'Critical': Parts Of NSW Could Run Out Of Water By November
Parts of regional NSW could run out of water as early as November, with data showing the worst-case scenario for the state if there's no rain or government intervention.
The projections from NSW's river operator and bulk water supplier WaterNSW show without significant rain the first towns to lose water supply will be Dubbo, Cobar, Nyngan and Narromine with the Macquarie River forecast to run dry by November.
The Macquarie River experiences an average inflow of 1448GL annually but in the past two years has seen just 97GL enter the river system, the data, seen by AAP shows.
It's been described as a "critical" situation by NSW Water Minster Melinda Pavey, with the government insisting it's doing everything it can to make sure the state gets through this devastating drought.
Australia's longest river, the Murray, has been severely affected with 901GL of water entering the system in the past 12 months compared to its annual average of 5000GL.
The data shows that Menindee Lakes -- which is a source of flows for the Lower Darling and is a vital fish nursery -- received just six gigalitres of water in the past year.
Its annual inflow average is 1387GL.
The lakes sit within the town of Menindee which experienced mass fish deaths along the Darling River last summer.
Residents have questioned the drainage of the lakes twice in 2017 with some suggesting the fish carnage wouldn't have happened if the lakes were full.
The WaterNSW data shows the lakes received 2100GL of water in 2016/17 followed by just 52GL of water in 2017/18.
Under the worst-case scenario, the Lachlan River, which runs through the state's central west, is projected to run dry by March 2020 leaving the towns of Forbes, Cowra and Parkes without water supply.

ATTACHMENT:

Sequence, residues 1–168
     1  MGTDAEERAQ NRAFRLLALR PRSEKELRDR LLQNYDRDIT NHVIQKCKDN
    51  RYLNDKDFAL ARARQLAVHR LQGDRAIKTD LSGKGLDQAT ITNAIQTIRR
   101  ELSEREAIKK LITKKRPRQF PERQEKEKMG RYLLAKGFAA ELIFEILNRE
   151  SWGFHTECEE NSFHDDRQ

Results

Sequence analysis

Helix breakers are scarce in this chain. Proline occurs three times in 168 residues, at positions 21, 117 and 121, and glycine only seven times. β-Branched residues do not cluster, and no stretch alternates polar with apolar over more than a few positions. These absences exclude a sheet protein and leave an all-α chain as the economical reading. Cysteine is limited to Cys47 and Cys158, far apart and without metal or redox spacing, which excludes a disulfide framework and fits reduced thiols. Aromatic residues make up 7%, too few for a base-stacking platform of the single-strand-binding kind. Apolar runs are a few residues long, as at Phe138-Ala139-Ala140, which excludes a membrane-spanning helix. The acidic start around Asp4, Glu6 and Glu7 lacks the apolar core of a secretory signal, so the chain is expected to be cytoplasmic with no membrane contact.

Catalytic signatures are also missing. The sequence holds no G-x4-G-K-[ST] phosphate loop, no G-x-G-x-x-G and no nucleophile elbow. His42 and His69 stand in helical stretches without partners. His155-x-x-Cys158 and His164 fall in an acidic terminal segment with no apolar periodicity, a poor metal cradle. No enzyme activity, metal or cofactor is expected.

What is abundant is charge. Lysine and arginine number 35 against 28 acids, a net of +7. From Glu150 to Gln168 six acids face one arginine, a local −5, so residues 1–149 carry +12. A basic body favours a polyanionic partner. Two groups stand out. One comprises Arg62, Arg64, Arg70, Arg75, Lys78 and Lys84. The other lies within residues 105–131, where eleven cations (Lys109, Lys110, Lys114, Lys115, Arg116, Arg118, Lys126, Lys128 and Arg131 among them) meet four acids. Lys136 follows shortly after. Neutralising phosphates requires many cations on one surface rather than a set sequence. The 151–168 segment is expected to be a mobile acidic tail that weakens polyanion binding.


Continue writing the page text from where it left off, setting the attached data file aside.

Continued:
The river is the fourth-longest in Australia and annually receives an average of 1212GL of water but in the last year recorded inflows of just 107GL.
The state's northwest including the small towns of Manilla and Boggabri could also run out of water by the same date if the upper Namoi River doesn't receive any rainfall.
A group of rivers which straddle the NSW and Queensland border and supply water to the towns of Boggabilla, Ashford and Goondiwindi, received just 17GL of inflows in the past year compared to an annual average of 1000GL.
WaterNSW predicts the Border rivers will run dry by September 2020 without government intervention and rain.
READ MORE: How You Can Help Drought-Stricken Farmers
Water is projected to stop flowing from taps in the northern NSW town of Inverell in March 2021 where the Gwydir River, which usually receives 1141GL of rain a year, will dry up after just 19GL entered the system last year.
The data predicts that most of Sydney's water supply will remain flowing until at least October 2021 when, under the worst-case scenario, the upper Nepean River will run dry.
Australia's largest urban water supply dam, Warragamba Dam, is projected to stop flowing by January 2022, according to the data.
Warragamba Dam received 105GL of water in the last year compared to its annual average of 1069GL.